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Gendered impacts of COVID-19 focus of new study
Simon Fraser University health sciences researcher Julia Smith is co-leading new research on how rapidly developing infectious disease outbreaks like COVID-19 impact genders differently.
“The sex and gendered dynamics of the COVID-19 outbreak so far are anecdotal, but the consequences of sidelining these can limit equitable, effective responses in affected regions, as well as prevention and preparedness efforts globally,” says Smith, who is among new Canadian Institutes for Health Research (CIHR) grant recipients announced today.
Co-leading an international team, including researchers from Johns Hopkins University in the U.S. and others from the UK, Hong Kong and Australia, Smith and her team will identify gender-related effects of the outbreak as well as gaps in preparation and response measures, providing guidance and recommendations for those crafting policy and public health interventions.
The researchers will also map out and analyse COVID-19 infections and mortality data to help inform public health responses, decision making and planning and improve policy and public health responses to COVID-19.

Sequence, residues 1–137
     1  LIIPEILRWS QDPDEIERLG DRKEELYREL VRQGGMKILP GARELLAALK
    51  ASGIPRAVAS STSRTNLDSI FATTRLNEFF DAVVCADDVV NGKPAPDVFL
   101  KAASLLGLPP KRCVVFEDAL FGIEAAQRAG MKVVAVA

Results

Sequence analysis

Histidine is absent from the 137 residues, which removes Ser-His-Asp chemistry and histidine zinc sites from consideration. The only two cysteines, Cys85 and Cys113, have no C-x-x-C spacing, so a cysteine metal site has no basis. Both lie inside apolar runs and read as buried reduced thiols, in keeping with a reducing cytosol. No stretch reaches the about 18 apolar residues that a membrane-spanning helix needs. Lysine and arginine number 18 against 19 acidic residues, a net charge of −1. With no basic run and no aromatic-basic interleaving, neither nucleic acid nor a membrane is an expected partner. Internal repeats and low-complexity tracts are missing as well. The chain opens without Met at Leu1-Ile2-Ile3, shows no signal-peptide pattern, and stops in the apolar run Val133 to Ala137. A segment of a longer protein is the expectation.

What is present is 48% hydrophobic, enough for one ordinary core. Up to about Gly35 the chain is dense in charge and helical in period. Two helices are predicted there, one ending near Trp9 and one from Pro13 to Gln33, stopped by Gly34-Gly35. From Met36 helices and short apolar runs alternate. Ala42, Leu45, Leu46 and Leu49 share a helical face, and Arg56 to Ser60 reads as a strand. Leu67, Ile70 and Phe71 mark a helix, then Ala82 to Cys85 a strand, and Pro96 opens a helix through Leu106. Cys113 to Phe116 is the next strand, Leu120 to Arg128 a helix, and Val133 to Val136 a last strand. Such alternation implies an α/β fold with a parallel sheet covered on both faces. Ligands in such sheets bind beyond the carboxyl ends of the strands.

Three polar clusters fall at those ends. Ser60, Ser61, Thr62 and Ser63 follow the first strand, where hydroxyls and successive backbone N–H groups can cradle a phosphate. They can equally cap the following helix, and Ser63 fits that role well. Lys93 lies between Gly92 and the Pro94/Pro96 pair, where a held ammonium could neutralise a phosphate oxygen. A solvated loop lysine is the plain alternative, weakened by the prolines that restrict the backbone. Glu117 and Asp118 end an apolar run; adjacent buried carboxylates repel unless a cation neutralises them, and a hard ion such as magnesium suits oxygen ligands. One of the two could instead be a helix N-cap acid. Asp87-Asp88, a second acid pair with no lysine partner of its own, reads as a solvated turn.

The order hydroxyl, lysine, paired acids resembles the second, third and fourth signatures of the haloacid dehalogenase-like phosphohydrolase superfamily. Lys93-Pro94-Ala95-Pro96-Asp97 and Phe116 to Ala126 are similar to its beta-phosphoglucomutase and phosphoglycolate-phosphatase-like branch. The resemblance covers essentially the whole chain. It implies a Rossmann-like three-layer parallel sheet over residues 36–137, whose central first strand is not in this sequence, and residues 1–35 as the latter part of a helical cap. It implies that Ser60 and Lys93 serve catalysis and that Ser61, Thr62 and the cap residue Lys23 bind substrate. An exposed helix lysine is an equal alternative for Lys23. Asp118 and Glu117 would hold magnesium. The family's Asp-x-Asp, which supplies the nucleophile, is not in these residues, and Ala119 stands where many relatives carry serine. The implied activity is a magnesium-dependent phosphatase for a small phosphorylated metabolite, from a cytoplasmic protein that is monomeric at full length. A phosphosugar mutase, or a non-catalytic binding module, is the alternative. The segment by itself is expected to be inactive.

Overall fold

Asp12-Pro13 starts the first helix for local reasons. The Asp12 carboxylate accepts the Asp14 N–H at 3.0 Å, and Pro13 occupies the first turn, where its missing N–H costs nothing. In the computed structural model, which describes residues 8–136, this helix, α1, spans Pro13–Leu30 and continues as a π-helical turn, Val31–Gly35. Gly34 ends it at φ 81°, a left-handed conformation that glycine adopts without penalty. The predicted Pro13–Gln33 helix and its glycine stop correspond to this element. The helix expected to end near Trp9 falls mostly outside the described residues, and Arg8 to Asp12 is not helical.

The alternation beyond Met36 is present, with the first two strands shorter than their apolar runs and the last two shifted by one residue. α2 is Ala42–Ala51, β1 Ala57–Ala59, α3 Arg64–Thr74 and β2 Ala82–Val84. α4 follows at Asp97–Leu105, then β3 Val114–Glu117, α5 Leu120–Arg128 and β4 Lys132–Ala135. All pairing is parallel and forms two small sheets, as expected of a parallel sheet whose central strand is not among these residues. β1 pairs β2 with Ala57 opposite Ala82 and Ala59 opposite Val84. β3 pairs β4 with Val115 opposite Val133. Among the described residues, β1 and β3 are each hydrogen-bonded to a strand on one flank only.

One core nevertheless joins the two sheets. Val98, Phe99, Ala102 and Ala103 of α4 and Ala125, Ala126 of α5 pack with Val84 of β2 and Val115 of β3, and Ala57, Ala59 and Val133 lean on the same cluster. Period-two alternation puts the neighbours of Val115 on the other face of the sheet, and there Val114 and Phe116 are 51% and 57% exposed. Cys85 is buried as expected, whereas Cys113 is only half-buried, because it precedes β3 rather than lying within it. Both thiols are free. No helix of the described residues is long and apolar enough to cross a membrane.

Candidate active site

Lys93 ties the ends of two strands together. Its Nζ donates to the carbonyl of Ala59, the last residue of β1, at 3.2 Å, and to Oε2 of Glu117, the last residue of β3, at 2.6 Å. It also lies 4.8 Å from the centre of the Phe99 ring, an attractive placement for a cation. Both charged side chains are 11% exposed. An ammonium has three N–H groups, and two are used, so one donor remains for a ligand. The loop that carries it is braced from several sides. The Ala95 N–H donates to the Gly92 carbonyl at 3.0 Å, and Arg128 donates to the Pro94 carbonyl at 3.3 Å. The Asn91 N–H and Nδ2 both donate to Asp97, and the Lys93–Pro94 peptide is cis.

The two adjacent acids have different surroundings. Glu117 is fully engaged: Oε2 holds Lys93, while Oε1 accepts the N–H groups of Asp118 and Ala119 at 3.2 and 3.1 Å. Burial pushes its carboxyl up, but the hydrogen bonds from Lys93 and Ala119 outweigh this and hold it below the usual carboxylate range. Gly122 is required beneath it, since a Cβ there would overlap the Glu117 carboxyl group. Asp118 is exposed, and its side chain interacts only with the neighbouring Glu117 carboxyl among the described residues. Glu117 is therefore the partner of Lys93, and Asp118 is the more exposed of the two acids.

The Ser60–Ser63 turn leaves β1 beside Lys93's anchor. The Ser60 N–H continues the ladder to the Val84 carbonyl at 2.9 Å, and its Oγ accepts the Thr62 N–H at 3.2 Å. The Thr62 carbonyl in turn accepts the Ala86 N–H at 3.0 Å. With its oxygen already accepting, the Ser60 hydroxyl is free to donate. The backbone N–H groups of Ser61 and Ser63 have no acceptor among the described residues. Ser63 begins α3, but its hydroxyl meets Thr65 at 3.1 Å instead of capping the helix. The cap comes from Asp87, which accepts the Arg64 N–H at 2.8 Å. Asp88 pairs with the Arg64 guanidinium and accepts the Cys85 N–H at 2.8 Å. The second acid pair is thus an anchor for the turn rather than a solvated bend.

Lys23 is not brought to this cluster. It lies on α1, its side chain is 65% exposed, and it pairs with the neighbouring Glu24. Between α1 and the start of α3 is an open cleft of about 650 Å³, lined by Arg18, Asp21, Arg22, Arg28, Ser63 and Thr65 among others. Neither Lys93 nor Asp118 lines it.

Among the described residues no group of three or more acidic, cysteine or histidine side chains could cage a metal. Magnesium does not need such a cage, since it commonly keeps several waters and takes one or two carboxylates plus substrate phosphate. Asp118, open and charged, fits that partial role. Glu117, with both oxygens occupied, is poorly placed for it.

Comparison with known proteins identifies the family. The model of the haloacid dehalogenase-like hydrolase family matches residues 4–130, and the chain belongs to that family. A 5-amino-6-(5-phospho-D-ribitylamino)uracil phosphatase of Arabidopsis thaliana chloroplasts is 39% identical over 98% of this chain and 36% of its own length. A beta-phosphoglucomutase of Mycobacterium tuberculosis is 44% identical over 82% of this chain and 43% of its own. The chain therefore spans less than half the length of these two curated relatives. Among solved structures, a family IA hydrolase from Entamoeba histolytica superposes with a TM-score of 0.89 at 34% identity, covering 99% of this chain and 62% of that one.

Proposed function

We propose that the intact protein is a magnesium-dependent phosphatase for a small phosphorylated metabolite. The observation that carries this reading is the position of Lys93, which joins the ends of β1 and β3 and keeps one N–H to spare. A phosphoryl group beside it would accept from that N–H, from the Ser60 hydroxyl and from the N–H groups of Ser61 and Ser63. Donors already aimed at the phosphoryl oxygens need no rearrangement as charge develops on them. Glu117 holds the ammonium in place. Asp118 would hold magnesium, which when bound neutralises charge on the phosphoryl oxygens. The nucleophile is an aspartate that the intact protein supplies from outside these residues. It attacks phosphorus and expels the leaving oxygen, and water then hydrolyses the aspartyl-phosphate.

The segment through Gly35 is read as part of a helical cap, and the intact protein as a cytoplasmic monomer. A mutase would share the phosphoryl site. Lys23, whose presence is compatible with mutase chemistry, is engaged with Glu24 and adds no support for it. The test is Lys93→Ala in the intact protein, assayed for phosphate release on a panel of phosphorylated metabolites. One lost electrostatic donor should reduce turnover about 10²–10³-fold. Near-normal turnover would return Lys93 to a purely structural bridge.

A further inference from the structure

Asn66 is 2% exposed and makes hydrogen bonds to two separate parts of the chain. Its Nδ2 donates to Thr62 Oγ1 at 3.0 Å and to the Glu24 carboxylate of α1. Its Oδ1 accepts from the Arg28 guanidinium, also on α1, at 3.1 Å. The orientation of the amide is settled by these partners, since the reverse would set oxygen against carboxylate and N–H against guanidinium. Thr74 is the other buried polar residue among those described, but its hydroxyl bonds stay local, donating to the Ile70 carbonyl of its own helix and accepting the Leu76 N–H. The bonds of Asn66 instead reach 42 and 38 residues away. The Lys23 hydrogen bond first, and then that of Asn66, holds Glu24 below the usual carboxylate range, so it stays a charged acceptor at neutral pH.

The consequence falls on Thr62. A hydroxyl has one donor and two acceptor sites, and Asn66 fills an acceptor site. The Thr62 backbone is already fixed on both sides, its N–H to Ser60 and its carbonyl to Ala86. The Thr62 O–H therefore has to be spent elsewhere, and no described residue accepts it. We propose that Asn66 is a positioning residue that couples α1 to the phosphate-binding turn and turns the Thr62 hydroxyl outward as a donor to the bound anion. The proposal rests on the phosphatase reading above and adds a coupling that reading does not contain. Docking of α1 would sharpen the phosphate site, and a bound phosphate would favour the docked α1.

“Our findings will contribute to the global response of COVID-19 through strengthening understanding of how individuals and communities understand and react to the disease,” says Smith. The team will develop an online Gender Toolkit to promote gender-related actions driven by policy development, preparedness and response activities.
The CIHR also announced funds today to further SFU molecular biology and biochemistry professor Peter Unrau’s pioneering RNA imaging technology (called Mango), while health sciences professor Kelley Lee earlier received funding to lead international research on strengthening global coordination of the COVID-19 outbreak response.
The SFU research is part of more the than $50 million in new federal funding dedicated to coronavirus researchers across the country.